District officials are overseeing a complete overhaul of South Oak Cliff High School’s heating and air conditioning systems, which will solve the issue of some classrooms feeling overheated.
As of Monday, the heating issues had been traced to five of the school’s 80 classrooms. The temperature differences are attributed to ongoing testing and implementation of the upgrades to the HVAC system. Moving from a steam-based system to a hydroponic system is expected to be more cost-effective and energy-efficient.
Officials from Dallas ISD’s Construction Services Department, which is overseeing the work by contractors, says the work – which began this past spring – is on schedule to be completed by February. Because school is in session, contractors are working overnight and on weekends to minimize disruptions to instructional time for students. Work will continue during the two weeks of Winter Break.
During a previously scheduled community meeting Monday night at the school, Superintendent Michael Hinojosa discussed the concerns about building conditions. He said safety is the district’s No. 1 priority.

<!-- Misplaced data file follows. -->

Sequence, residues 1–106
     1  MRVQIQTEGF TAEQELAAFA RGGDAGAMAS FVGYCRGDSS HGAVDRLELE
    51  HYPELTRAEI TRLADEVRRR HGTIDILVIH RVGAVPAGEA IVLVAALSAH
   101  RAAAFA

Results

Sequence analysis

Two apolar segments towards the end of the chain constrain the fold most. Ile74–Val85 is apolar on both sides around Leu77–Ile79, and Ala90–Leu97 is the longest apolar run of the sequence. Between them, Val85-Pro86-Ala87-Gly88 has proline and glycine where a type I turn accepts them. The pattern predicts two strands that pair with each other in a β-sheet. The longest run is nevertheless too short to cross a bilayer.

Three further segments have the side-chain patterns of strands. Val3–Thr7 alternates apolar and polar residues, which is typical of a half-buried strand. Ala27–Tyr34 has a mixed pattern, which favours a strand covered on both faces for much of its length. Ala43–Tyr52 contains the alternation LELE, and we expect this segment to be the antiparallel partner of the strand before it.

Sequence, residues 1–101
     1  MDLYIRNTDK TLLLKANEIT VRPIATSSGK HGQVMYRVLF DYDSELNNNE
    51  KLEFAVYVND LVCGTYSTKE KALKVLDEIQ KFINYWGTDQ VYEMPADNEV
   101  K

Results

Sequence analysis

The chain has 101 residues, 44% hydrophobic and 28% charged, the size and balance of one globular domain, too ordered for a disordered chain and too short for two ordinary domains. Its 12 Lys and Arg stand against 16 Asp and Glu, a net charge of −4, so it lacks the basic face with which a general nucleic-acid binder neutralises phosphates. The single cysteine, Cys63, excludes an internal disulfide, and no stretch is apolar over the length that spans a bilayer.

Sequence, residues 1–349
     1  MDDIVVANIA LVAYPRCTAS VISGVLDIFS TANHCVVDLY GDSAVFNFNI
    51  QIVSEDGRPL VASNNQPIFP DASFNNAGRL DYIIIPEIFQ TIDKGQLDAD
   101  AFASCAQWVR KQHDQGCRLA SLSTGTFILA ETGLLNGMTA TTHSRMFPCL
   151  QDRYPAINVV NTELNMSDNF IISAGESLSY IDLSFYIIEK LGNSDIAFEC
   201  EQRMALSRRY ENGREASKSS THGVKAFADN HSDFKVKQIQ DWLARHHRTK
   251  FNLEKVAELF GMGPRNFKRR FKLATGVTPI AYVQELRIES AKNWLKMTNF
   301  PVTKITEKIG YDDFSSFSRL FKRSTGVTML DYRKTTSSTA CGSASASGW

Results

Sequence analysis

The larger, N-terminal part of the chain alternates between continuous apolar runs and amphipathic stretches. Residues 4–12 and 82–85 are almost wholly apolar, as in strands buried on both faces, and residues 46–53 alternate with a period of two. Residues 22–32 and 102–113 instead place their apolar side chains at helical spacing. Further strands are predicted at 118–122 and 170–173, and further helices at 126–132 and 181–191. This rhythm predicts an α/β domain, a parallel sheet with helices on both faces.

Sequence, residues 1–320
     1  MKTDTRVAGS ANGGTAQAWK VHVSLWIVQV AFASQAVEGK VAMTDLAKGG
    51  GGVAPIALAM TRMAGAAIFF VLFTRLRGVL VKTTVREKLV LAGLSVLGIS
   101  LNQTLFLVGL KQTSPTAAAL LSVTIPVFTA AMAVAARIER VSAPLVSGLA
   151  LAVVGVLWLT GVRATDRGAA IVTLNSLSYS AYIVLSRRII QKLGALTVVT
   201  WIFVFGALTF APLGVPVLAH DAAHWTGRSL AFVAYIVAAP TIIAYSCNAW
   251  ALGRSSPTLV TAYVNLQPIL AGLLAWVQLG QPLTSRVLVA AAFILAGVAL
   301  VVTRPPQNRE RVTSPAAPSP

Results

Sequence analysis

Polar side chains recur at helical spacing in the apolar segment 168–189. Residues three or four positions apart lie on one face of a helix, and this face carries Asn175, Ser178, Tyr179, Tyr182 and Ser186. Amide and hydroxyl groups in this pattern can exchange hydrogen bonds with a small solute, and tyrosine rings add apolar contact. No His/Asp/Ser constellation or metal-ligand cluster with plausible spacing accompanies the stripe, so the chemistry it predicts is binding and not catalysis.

“The board members have been in touch with us about specific issues, and so we had staff here to hear about everybody’s concerns,” Hinojosa said. “Let me be very clear with the public and everyone else: We would not be in this building if the appropriate officials had not determined it was safe for us to do it.”
The $3.8 project is funded by qualified construction bonds, which are making similar projects across the district possible. Voters approved a $1.6 billion bond, with $10.7 million allocated to South Oak Cliff to make roof and plumbing repairs, and accommodate expanded programming for career and technical education and arts programs.